General discussion
Uncanniness and deviation from familiarity
Face familiarity increased uncanniness sensitivity. Whereas Mori's (2012) original graph is a good metaphor for possible negative reactions towards artificial humanlike entities, it does not capture some findings in UV research. First, sensitivity of the UV effect towards facial distortions is stronger for more realistic faces compared to less realistic faces (Green et al., 2008; Mäkäräinen et al., 2014). Second, a UV effect has been observed with animal stimuli (e.g. Löffler, Dörrenbacher, & Hassenzahl, 2020; Mitchell, Szerszen, Lu, Schermerhorn, Scheutz, & MacDorman, 2011; Schwind, Leicht, Jäger, Wolf, & Henze, 2018b; Yamada et al., 2013). Third, distortions of the structure of human faces elicits stronger uncanniness ratings than comparable distortions of the structure of cat faces or houses (Diel & MacDorman, 2021). Fourth, as observed in the present study, the sensitivity of uncanniness ratings for distortions is higher for familiar and upright faces compared to novel and inverted faces. Humans usually show a higher level of expertise and special processing for human compared to animal faces (Symons & Roberts, 2006). Furthermore, as face-typical processing is decreased for less realistic avatar faces compared to normal faces (Kätsyri, 2018), a higher level of perceptual experience with a category of faces may increase sensitivity to deviation. Thus, a mechanism underlying the UV effect may be the enhanced ability to detect deviations from familiarized objects and categories, possibly due to an increased experience with recognizing and differentiating individual exemplars. This model would also predict an uncanny valley prevalently for closely human entities with weaker variants for other stimuli like animals and familiar objects. Last, as a topic for future research, manipulating perceptual expertise for a stimulus category should increase the distortion sensitivity of uncanniness ratings. 
Deviation from familiarity and uncanny valley theories
The results are in accordance with theories on the UV resulting from expectation violation (e.g. Saygin et al., 2012), specifically when enhanced by the familiarity with the stimulus category. On the other hand, an increase of sensitivity and uncanniness of configural deviation with increasing familiarity is not predicted by theories relating to threat or disease (MacDorman & Ishgiruro, 2006) or the detection of psychopathic traits (Tinwell et al., 2013). Because the deviations of the familiar faces were not uncanny when the faces were unfamiliar, the configural proportions could not have been related to contagious diseases or potential psychopathic traits. Furthermore, theories relating to categorization ambiguity or difficulty (Cheetham et al., 2011; Yamada et al., 2013) would not necessarily predict that familiarity increases the uncanniness of distorted faces, as an increase of familiarity does move distorted faces closer to the boundary between categories. Nor would it play a role for categorization ambiguity that uncanniness is explained by the sensitivity to detect distortions. Finally, novelty avoidance (Sasaki et al., 2017) would not predict that deviating familiar faces would be more uncanny than the same faces when unfamiliar because the latter would be more novel than the former.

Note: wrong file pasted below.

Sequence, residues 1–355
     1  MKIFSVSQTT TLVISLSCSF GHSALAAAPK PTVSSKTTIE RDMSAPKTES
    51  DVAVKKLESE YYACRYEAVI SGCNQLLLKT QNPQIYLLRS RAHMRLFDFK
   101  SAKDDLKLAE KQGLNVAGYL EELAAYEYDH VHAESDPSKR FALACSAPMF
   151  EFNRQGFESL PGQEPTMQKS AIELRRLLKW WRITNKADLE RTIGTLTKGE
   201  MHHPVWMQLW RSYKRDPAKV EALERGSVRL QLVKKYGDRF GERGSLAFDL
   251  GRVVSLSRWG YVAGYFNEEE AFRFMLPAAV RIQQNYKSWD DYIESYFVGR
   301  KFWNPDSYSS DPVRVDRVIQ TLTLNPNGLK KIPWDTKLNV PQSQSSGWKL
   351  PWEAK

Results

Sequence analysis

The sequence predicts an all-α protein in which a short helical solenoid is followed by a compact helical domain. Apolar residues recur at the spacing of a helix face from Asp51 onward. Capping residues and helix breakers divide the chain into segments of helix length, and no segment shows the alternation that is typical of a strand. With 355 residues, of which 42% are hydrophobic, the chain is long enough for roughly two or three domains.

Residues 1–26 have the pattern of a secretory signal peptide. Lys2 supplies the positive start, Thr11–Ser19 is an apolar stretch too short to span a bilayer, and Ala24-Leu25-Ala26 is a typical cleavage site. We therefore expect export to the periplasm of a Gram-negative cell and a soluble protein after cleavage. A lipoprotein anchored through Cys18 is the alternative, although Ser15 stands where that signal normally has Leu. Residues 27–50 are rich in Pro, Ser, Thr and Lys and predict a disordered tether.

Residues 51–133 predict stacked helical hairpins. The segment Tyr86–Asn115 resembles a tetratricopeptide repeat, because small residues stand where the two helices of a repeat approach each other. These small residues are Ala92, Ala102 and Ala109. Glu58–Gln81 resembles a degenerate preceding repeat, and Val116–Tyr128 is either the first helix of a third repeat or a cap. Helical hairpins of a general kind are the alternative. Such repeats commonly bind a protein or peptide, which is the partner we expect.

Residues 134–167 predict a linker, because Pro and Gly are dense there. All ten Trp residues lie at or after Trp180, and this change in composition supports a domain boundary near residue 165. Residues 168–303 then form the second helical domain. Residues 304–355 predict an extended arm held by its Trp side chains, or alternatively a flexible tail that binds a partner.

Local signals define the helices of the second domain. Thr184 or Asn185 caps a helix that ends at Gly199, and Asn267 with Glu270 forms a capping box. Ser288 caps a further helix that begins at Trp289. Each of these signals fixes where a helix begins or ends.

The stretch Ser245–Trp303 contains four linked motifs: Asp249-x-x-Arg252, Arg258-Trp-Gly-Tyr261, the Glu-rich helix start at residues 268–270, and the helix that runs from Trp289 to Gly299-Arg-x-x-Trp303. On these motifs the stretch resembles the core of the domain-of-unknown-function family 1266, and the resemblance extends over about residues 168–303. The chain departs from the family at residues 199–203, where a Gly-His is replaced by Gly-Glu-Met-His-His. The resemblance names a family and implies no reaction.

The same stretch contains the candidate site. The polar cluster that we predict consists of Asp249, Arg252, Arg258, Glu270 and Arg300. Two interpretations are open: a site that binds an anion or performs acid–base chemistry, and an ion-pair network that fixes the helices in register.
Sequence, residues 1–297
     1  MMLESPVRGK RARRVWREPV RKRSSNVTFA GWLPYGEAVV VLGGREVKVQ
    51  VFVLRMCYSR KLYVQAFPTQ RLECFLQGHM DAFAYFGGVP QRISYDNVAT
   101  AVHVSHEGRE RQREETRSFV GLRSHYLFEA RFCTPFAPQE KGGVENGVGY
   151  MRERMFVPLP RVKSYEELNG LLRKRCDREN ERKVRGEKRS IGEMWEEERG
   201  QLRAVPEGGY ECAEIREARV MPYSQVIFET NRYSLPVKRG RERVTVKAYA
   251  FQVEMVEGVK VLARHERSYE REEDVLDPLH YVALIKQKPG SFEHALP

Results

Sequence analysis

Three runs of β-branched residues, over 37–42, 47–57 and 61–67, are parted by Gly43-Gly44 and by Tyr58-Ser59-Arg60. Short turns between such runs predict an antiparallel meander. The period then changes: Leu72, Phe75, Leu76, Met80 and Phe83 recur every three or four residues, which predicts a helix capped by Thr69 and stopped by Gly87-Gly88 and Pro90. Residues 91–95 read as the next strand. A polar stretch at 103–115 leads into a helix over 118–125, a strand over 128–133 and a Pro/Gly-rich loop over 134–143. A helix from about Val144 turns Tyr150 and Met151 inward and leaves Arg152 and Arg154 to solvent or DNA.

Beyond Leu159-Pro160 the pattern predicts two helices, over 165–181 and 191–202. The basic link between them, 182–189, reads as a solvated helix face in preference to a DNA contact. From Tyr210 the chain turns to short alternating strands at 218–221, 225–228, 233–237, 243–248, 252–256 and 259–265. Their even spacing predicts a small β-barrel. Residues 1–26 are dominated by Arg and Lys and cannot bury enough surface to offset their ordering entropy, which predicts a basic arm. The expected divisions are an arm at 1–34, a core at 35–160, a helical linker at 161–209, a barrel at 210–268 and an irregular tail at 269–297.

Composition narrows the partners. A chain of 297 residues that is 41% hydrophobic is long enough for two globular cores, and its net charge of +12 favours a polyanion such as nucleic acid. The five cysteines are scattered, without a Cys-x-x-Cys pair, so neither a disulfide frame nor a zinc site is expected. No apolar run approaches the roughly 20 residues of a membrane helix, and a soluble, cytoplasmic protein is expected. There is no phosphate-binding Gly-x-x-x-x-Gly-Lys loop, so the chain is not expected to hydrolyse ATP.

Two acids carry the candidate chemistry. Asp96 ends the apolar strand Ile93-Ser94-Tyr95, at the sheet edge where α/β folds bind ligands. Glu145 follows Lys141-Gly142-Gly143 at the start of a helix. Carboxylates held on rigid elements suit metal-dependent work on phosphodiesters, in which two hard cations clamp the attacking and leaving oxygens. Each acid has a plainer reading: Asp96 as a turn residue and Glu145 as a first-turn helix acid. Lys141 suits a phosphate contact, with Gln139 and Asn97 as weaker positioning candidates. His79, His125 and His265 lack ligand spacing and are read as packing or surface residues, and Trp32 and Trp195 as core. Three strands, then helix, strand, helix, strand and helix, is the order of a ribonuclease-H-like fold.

Rethinking the uncanny valley
An exploratory analysis revealed that the realism level and distortion of a stimulus significantly interact with human likeness to affect its uncanniness. Specifically, the effect of distortion on uncanniness seems to decrease with decreasing human likeness of the base stimulus. This finding urges a rethinking of the current statistical conceptualization of the “uncanny valley” from a single polynomial function of human likeness to a linear function moderated by a third variable. A highly humanlike base stimulus (e.g. a typical human face) may activate specialized processes sensitive to subtle distortions, leading to a stark increase of uncanniness for distorted variants (e.g. distorted faces or android faces). However, less humanlike or realistic base faces (e.g. cartoon faces or mechanical robots) that do not depend on specialized processes are more acceptable of deviations, thus the decrease of likability on the low humanlike part of the UV plot is less steep. In this sense, the UV plot could be better understood by a moderating effect of a stimulus’ specialized processing or distortion sensitivity (which is higher for more humanlike stimuli) on the linear increase of uncanniness due to deviations or distortions of the typical variant. 
Limitations and future directions
The present study provides novel findings on the UV in the context of face familiarity and inversion and the sensitivity to distortions. The following points present possibilities for future directions on this topic. 
The tasks in this study used 10 base faces that were presented to the participants multiple times. It is possible that the repeated exposure to base faces increased participants’ short-term familiarity with the faces, which may have confounded the results using familiarity as a predictive factor. Future research could try for more optimal control of face familiarity. 
Familiarity is a continuous variable, whereas the present study used a dichotomous coding of familiarity of famous faces. However, participants can vary greatly on their degree of familiarity with different famous faces. Future research can advance the investigation on the effect of familiarity on face distortion processing by using personally familiar faces, or an additional familiarity scale for each base face.